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Old 10-28-2019, 03:43 PM
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I just saw a video where a lady took a sharpie and marked the 1/4" increments directly on her thumb!! I guess you never lose it that way!
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Old 10-28-2019, 04:46 PM
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Thanks everyone for your suggestions. I just bought some tiger tape. Wish I had know about that earlier.

You’ve all given me the confidence to go ahead with regular quilting stitches.
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Old 10-28-2019, 07:26 PM
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Originally Posted by feline fanatic View Post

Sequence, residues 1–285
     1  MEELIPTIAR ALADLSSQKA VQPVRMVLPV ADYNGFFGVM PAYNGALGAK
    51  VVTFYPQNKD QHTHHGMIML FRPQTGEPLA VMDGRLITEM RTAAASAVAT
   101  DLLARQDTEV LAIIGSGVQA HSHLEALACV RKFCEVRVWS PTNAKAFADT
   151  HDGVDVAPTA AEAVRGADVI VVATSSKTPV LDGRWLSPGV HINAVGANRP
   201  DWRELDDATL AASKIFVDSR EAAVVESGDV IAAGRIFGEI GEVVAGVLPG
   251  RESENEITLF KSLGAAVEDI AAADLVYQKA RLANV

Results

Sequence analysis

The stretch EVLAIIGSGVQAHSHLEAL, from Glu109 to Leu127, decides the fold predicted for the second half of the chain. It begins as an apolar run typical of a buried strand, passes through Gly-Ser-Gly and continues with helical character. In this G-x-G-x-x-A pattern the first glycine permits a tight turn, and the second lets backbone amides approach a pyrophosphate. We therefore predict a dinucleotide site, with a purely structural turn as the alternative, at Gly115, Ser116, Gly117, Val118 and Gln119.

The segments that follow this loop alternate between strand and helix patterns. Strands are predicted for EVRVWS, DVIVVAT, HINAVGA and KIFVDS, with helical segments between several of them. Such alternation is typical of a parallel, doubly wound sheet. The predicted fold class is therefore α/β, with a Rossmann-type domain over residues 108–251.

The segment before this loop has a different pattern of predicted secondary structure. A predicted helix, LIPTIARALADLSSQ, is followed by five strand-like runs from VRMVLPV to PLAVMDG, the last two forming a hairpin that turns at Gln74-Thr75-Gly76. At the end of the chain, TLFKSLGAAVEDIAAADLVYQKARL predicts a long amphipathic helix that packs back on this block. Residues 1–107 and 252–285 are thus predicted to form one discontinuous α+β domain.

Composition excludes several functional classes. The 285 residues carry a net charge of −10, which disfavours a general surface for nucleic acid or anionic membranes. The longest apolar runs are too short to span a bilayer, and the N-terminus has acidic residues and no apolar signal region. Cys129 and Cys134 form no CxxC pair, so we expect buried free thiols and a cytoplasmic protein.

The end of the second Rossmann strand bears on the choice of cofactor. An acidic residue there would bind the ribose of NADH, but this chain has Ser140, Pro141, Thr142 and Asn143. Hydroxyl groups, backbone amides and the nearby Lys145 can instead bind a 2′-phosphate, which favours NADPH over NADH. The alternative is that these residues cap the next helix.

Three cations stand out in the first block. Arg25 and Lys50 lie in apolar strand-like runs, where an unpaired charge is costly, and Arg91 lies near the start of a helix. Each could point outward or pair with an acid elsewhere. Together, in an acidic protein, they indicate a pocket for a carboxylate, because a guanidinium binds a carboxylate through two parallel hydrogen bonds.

I would not recommend using embroidery stitches for quilting unless it is a simple running stitch like Sashiko which essentially is the quilting stitch and used quite a bit in big stitch quilting. I think a stem stitch would overpower your piecing if used as a quilting stitch, especially if you use a heavy perle cotton thread or floss. Also many embroidery stitches are not meant to be viewed from the back and some of them aren't very pretty from the backside. Remember that your stitches show on the back as well as the front. And one last thing to mention, with embroidery stitches you are going through a single layer of fabric or maybe a couple of layers if you are embellishing applique. The embroidery stitches you are very comfortable with may become very uncomfortable when trying to do them through multiple layers of fabric (when you go over seam allowances) and batting. I would think it would quickly become an effort in frustration.